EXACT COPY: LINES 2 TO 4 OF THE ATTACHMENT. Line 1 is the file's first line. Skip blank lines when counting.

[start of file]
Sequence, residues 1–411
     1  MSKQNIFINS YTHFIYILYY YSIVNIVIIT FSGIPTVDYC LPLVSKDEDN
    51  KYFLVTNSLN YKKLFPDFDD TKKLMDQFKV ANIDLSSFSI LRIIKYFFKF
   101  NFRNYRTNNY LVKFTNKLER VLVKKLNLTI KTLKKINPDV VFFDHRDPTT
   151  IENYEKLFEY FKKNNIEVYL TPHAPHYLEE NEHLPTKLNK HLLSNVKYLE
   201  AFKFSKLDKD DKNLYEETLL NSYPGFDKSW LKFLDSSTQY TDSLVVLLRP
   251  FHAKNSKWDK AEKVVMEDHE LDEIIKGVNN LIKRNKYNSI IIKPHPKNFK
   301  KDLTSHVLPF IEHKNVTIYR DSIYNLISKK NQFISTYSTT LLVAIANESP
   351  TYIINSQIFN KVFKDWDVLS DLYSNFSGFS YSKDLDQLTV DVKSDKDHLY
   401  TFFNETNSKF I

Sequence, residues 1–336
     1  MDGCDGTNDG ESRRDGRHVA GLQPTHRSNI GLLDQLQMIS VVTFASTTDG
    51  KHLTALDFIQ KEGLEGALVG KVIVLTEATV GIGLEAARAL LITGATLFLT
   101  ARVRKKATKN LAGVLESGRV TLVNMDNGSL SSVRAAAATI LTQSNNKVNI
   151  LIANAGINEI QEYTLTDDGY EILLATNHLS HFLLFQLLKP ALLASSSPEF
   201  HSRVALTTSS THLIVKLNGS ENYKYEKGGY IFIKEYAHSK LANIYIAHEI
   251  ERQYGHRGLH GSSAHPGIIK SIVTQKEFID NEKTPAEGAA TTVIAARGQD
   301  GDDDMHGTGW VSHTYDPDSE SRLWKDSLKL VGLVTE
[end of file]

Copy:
     1  MSKQNIFINS YTHFIYILYY YSIVNIVIIT FSGIPTVDYC LPLVSKDEDN
    51  KYFLVTNSLN YKKLFPDFDD TKKLMDQFKV ANIDLSSFSI LRIIKYFFKF
   101  NFRNYRTNNY LVKFTNKLER VLVKKLNLTI KTLKKINPDV VFFDHRDPTT